In June 2017, the European Commission published a proposal for new transparency rules for intermediaries that design or sell potentially harmful tax schemes. The proposed rules come at a time of heightened EU activity in the area of tax and transparency, with public support growing in Europe for actions taken in order to tackle the perceived threat of tax avoidance, as well as tax evasion, to EU economies.

The Commission proposal targets intermediaries, which the Commission defines as firms or persons (e.g. consulting firms, banks, lawyers, tax advisors, and accountants), that help their clients to set up schemes to reduce their tax bills. The proposal sets out rules that would see intermediaries having to report any cross-border arrangement that contains one or more of a number of characteristics, or ‘hallmarks’ which might indicate that the arrangement is set up to avoid paying taxes. The list of hallmarks as set out in the annex to the proposed directive includes the arrangements that:

  • involve a cross-border payment which is deductible at source to a recipient resident in a no-or low-tax country;
  • involve a jurisdiction with inadequate or weakly enforced anti-money laundering legislation;
  • are set up to avoid reporting income as required under EU transparency rules;
  • circumvent EU information exchange requirements for tax rulings;
  • have a link between the intermediary’s fee and the amount of the tax advantage from the arrangement, provided that the main benefit of the arrangements is to obtain a tax advantage;
  • ensure that the same asset benefits from depreciation rules in more than one country;
  • enable the same income to benefit from tax relief in more than one jurisdictions; and
  • do not respect EU or international transfer pricing guidelines.

The Commission has explained that its proposal aims to provide tax authorities with information about existing and potentially aggressive tax planning schemes. In this way, the authorities will be able to scrutinize intermediaries’ activities and increase their effectiveness in tackling aggressive tax planning.

However, the Commission’s proposed rules have been met with criticism from practitioners, who claim that the economic and administrative burden created by the proposal goes further than is necessary in order to ensure transparency. For instance the five-day reporting deadline, whilst appropriate in some cases, has been viewed as being too narrow a time-frame for more advanced cases of disclosure. It has also been suggested that national e-portals be set up in order to make the process of reporting less onerous on both the taxpayer and tax authorities.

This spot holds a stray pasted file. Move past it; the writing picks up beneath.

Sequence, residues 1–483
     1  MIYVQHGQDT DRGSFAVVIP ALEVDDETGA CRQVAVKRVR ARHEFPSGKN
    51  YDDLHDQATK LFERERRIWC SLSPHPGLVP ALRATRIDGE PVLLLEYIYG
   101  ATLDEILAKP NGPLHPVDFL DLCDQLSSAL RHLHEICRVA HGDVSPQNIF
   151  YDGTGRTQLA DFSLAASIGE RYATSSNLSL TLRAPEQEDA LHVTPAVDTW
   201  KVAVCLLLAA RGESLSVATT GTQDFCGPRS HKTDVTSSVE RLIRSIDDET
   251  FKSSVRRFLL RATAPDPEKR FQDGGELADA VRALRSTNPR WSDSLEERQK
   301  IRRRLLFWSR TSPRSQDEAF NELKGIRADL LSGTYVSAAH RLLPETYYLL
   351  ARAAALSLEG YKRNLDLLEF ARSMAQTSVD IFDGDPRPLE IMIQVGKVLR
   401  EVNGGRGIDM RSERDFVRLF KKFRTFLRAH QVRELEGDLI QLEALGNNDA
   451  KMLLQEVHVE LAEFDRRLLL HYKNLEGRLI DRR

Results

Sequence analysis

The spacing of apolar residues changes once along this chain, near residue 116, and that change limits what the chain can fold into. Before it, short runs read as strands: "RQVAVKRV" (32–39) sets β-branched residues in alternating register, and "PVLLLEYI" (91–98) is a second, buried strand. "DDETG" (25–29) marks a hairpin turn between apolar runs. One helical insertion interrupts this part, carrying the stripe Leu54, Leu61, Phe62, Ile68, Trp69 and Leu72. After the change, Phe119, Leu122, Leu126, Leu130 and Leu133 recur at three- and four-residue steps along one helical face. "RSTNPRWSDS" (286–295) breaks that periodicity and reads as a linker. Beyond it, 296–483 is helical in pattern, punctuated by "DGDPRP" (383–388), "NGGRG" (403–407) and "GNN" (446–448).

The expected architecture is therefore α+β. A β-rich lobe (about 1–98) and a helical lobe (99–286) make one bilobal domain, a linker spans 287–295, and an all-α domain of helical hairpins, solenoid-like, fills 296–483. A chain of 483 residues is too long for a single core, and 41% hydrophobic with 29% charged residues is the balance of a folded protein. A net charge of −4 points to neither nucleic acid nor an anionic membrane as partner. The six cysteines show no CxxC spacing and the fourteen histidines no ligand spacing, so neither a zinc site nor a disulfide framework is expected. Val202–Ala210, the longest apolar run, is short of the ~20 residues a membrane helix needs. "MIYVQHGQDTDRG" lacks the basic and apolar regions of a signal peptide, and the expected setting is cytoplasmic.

There is further concern regarding the wide scope of the extensive list of hallmarks annexed to the proposed directive, with practitioners noting that these go some way beyond those outlined in the OECD’s BEPS Action 12 proposal. Furthermore, the applicability of these hallmarks has been called into question due to the differing legal frameworks in which tax advice is provided across Member States at present. The fact that the hallmarks have been included in the annex has also been flagged as a potential problem, as the Commission would then have the power to amend this list without having to consult the Council.

Upon publication of the draft proposal, the Commission stated its intention for the new rules to come into force by the 1st of January 2019. However, given the level of criticism that was directed at the draft proposal, it is likely that the Council will seek to make changes to the legislative text. Therefore, it is likely that the legislative process will take significantly longer than originally anticipated. The draft text of the proposal has been submitted to the EESC and the European Parliament for consultation as well as to the Council for adoption.